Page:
Don't bet on it: A successful casino in Augusta would be a long shot

Because the state of Georgia and the Augusta Commission are considering casinos in our area, I think it is important to look at what has happened in other casino markets – not just from a moral perspective, but also from an economic perspective.


I have worked in management for two casino companies – which may seem odd, having spent most of my life in Memphis, Tenn. I had the Sam’s Town Casino advertising account when gaming first came to Tunica, Miss. Then Harrah’s Entertainment (a Fortune 500 company headquartered in Memphis and now named Caesar’s) offered me its marketing director’s job when they secured the management contract for Harrah’s Cherokee Casino in North Carolina.


That doesn’t make me a casino expert, but I probably have more experience from the inside than most Augustans.

Of the two markets I worked in, one is thriving and the other isn’t. My experience parallels what research predicts for new casino markets.

Two pieces of academic research have identified two fundamental conditions that must be met for a casino to make a positive impact in the area in which it is located. Both were articles published in a special, and now classic, issue of The Annals of the American Academy of Political and Social Sciences. It was published in 1998, a time when Native American and riverboat casinos were proliferating. The authors’ results have been replicated often by other researchers since then.

The first condition came from research by William Eadington. He found communities that can attract a high proportion of their customers from outside the region in which the casino operates also can create spin-off economic growth benefits. In effect, they import gaming revenue from residents of other regions, as opposed to having area residents generate the gaming proceeds.

When local residents are the major contributors to the casino, it usually means that dollars spent in the casino are dollars that were already being spent in the area, but spent differently. In that instance, the area’s revenue pie is not made larger; it is merely sliced into thinner pieces.

The second condition for success grew from an impact analysis of casino markets at the state and local levels by Richard Gazel. For his model, Dr. Gazel estimated both the direct and indirect positive and negative economic impacts.

The net impact of a casino on the local economy was derived by subtracting the negative impacts (such as problem gambling and crime) from the positive ones (increased taxes and development). The bottom line of his research: Monopoly and oligopoly market structures fare much better in terms of positive economic impact than do markets with competing casinos. Subsequent researchers found it is not only important for a casino to have a monopoly market, but it also needs large feeder markets nearby.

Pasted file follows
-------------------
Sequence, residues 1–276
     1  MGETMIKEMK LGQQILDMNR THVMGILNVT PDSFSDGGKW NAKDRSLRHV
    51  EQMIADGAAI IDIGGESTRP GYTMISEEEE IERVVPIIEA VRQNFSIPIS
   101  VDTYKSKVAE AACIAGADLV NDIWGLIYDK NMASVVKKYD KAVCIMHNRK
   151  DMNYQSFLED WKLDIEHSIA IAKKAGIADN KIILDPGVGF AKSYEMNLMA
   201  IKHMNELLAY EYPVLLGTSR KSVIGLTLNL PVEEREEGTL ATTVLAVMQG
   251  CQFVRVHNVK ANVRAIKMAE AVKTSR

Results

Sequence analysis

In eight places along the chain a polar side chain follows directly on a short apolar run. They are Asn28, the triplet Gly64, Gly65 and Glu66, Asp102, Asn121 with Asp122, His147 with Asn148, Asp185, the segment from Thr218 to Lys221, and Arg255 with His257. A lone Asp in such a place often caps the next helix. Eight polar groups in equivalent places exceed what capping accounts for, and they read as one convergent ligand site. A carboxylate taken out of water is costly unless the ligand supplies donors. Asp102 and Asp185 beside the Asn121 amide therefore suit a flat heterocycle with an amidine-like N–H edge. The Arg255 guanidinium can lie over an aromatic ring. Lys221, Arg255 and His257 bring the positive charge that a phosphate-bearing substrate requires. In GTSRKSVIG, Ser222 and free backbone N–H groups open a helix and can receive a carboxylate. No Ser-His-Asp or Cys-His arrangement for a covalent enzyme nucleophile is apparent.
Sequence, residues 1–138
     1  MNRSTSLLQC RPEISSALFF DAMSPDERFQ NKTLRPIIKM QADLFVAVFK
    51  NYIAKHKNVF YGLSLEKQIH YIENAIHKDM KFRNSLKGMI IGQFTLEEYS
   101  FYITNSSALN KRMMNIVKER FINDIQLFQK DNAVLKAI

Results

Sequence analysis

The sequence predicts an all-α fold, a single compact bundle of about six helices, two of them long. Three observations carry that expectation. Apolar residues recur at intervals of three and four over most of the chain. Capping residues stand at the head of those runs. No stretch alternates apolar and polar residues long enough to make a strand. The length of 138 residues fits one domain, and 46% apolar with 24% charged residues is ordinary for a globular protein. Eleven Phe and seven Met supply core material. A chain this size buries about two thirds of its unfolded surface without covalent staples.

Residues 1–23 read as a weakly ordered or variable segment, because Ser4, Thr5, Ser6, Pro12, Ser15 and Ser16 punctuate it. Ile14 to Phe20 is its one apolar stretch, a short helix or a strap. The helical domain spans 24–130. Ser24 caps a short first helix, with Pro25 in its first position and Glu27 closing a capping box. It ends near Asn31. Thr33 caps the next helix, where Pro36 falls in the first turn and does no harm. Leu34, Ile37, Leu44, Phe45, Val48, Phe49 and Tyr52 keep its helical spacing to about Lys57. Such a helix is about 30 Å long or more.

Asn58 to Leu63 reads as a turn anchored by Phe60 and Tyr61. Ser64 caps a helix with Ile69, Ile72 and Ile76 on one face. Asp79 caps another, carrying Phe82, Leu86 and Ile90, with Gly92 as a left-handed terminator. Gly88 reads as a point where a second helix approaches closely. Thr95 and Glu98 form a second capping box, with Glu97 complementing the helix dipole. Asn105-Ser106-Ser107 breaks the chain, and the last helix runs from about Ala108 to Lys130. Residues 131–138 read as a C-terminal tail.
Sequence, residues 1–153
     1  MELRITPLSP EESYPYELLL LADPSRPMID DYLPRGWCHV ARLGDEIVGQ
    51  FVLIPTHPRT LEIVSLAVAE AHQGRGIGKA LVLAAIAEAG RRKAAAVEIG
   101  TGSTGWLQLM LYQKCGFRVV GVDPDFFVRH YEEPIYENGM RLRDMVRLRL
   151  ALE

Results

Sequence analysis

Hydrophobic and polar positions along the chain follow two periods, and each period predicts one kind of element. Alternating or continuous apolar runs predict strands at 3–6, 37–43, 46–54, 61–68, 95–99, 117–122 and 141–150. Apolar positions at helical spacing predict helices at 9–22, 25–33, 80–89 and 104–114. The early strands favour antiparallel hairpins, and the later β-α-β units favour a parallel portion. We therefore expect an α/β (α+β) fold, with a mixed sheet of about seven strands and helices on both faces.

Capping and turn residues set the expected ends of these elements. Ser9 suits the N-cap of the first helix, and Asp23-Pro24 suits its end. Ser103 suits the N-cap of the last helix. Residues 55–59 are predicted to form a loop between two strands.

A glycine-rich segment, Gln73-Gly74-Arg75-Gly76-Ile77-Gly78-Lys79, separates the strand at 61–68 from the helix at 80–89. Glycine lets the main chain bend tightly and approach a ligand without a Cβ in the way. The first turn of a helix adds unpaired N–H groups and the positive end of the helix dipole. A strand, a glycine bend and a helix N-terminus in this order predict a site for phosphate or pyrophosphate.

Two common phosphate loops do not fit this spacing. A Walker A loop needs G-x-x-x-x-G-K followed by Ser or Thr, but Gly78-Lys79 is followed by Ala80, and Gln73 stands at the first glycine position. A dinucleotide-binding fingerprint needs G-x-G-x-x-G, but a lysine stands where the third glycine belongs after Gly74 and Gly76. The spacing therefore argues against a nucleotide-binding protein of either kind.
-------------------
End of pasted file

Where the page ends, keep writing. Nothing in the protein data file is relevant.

I witnessed these two scenarios. Sam’s Town did not have a monopoly. It was one of a dozen casinos in Tunica, Miss. Although Memphis was only 30 minutes away, it was the only major market within a three-hour drive. Neither Memphis nor Tunica are large tourism markets. Casinos in Tunica are closing.

On the flip side, Harrah’s Cherokee Casino is doing so well that its owners, the Eastern Band of Cherokee Indians, recently opened a second casino in nearby Murphy, N.C.

The difference between Tunica and Cherokee: Located at the North Carolina entrance to the Great Smoky Mountains National Park, Cherokee already was a tourist destination. The casino had no competition within 500 miles, and within that distance are large markets such as Charlotte and Atlanta.

It is reported that the Georgia gambling bill currently under consideration divides the state into regions. Augusta, Atlanta and Savannah are slated for possible casinos. Augusta would be a considered a regional casino, with Atlanta and Savannah targeted as destination markets.

While Augusta has a growing tourism market, it may be difficult to attract a high proportion of our casino customers from outside the region, especially if there are two destination casinos within a couple hours’ drive.

I could be wrong, but from my casino marketing experience and from the academic research included here, I think the odds of a positive impact from a casino in Augusta are a long shot.

Am I an expert? No. But I can tell you the only games where you can (rarely) turn $5 into a fortune are with slots or craps; the bests odds are on roulette; and if you are lucky enough to double your money, get up and leave because the house eventually will win.

(The writer is an associate professor in the Hull College of Business at Augusta University, where she teaches courses in marketing and hospitality.)



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